In effect the City of York was forced to play politics. The diplomatic solution was to admit Edward by right of his claim to the title of Duke, but not as King. This is because the city and region had mixed affinities. Edward IV had for his part chosen to make his way from the coast to York through Percy held lands. In contrast, there were forcces under the Marquess of Montagu and Neville retainers in Richmondshire who were supportive of Edward’s opponents. Recognising that there was a potential pitfall through any semblance of partisan support for either side in the conflict, York opted for a safety first policy. In short, its loyalty lay with its citizens and averting any potential for unrest or violence in and around the city was in their best interests.

York and Richard Duke of Gloucester’s dominance of the North

From 1471 until his death in the Battle of Bosworth, Richard duke of Gloucester, then King, had a close bond with York and the North of England. Whilst many of these ties are away from York, primarily at Middleham, his links are clear and of note.

Throughout the period of Richard’s influence, the City of York remained an independent urban authority. It retained its own structures for justice and administration. However, it also became home to some of the systems that were put in place: particularly as King, when Richard created the Council of the North which was based in the city.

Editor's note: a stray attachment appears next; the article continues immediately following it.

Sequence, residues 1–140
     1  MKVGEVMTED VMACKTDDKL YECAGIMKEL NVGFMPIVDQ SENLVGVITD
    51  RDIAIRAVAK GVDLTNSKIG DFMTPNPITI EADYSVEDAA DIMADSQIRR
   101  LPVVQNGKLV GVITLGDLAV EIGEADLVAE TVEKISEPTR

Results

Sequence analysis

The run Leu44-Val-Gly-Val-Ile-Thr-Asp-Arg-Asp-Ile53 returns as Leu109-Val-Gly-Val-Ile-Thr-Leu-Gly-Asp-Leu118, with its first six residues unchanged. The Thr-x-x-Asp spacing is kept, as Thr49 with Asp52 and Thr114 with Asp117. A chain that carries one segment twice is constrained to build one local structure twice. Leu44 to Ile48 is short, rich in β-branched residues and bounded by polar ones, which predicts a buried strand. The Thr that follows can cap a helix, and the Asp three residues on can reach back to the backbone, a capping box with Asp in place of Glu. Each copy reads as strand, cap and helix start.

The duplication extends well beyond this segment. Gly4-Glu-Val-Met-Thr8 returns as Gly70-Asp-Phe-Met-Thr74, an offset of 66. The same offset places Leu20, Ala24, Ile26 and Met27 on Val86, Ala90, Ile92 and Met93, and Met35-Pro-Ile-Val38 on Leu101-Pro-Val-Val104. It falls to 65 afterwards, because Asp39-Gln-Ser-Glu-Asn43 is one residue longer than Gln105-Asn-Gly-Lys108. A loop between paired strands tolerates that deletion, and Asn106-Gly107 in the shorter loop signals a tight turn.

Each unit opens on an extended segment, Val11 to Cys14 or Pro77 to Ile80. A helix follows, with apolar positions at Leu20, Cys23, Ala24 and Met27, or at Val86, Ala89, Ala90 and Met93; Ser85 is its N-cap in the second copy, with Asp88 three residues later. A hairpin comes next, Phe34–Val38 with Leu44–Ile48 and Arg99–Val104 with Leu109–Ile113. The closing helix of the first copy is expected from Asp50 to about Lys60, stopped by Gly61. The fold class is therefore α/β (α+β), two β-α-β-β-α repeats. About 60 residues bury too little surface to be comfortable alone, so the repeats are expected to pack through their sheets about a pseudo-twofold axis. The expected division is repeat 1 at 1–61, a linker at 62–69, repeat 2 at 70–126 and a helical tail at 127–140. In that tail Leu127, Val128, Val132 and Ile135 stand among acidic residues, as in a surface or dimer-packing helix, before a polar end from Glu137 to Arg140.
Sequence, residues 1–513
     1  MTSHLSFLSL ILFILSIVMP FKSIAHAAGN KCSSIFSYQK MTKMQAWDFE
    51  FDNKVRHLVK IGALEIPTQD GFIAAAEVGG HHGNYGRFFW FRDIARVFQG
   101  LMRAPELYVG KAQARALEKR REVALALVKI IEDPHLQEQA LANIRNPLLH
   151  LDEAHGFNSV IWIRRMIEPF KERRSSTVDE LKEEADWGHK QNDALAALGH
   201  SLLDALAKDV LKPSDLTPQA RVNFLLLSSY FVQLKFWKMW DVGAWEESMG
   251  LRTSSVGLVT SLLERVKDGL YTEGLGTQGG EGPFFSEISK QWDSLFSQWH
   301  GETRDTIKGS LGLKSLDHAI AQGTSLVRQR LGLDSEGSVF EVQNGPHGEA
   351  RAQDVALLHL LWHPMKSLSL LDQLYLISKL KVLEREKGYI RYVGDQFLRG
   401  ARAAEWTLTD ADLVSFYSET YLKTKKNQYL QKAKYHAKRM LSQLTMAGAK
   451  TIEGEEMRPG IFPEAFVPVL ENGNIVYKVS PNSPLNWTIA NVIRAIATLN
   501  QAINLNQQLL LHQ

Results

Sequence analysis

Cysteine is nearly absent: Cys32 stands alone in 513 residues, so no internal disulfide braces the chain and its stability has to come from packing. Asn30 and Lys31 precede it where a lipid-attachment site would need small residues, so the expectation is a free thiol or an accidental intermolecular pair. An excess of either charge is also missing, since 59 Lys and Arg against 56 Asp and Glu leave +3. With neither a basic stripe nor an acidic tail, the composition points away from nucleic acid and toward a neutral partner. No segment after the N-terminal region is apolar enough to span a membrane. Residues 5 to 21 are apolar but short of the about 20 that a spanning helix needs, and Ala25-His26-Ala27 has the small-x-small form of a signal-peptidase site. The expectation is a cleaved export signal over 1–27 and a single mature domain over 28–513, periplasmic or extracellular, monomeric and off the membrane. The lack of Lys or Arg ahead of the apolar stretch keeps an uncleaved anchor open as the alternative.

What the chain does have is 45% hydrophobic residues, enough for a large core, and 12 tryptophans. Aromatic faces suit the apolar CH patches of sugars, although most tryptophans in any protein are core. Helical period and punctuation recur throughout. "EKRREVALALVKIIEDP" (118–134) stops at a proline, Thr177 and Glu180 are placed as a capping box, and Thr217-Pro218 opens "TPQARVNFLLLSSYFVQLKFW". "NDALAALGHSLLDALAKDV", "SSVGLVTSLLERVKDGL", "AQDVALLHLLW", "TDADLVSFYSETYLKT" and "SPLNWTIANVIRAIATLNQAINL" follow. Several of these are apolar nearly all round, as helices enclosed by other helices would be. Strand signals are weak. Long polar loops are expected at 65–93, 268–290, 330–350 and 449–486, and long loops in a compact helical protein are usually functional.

Lord of the North

An agreement with the earl of Northumberland in 1474 ensured his dominance and effectively made other northern lords his servants.

National Archives.

Whilst this agreement did not explicitly reference the City of York, or any obligations to or from the authorities there, it placed Richard as de facto leader in the North. As a consequence the Mayor and Aldermen of York were increasingly reliant upon the goodwill and support of the Duke of Gloucester. His overlordship in the region now meant that to get things done regionally, or promoted nationally, may need to go through Richard and have his support. This is evident in communications on matters such as Fishgarths and upholding of the law. [Richard intervened regarding Fishgarths on several occasions: see City of York Records. York House Books pages 10, 128, 130 and 312]

Patronage to and from York

Richard’s ties as Duke of Gloucester stem from two way patronage and use of his influence for the betterment of York. They also stem from commands issued by King Edward IV in respect of the roles that he gave to the Duke of Gloucester and Earl of Northumberland in respect of the City of York. In this case, it shows that the Crown was willing to overrule the independence of the urban authorities by granting magnates rights that could supercede those of the local justices:

13 March 1476

The king our sovereine lorde straitely chargith and commaundith that nomanere man of what so evere condicion or degree he be of, make ne cause to be made any affray or any othir thing attempt or doo, wherthrough the pease of the king our said sovereign lorde shulde be broken; nor that no man make nor pike any quarrell for any old rancour, malice, matier or cause hertofore donee….